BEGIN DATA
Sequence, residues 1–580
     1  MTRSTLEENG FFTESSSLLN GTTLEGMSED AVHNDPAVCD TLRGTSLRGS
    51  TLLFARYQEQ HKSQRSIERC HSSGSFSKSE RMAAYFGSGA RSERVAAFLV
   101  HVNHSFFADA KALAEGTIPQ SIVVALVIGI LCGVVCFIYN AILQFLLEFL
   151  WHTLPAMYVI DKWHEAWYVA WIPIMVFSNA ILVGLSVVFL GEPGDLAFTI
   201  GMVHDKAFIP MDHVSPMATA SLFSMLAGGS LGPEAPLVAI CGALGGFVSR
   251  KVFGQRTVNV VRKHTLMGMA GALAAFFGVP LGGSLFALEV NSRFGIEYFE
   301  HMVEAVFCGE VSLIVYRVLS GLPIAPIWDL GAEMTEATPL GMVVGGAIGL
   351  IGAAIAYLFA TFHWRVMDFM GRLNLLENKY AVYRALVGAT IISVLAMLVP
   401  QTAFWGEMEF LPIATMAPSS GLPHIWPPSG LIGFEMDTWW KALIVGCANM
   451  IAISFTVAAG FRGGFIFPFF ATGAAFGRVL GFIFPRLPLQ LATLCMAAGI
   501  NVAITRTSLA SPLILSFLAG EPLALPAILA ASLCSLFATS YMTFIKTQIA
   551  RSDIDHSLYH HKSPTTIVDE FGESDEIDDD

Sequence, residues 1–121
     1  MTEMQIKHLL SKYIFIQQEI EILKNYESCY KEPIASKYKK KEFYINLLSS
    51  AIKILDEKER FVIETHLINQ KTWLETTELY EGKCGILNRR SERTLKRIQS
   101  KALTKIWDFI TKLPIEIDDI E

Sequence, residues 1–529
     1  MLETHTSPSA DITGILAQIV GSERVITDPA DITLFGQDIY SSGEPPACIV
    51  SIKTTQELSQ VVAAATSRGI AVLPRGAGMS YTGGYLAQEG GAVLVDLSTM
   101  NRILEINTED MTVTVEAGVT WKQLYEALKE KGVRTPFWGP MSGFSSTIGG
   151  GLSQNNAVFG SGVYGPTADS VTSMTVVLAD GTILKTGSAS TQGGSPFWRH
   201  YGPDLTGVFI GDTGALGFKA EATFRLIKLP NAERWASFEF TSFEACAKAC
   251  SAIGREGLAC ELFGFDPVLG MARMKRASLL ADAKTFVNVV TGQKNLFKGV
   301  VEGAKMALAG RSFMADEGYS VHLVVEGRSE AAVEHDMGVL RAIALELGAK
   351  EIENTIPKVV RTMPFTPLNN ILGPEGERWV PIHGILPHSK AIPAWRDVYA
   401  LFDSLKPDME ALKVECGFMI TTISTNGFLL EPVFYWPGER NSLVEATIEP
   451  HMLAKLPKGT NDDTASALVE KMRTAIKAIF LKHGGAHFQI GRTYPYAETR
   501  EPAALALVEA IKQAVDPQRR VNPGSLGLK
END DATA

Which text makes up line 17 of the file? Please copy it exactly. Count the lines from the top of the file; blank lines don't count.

   101  KALTKIWDFI TKLPIEIDDI E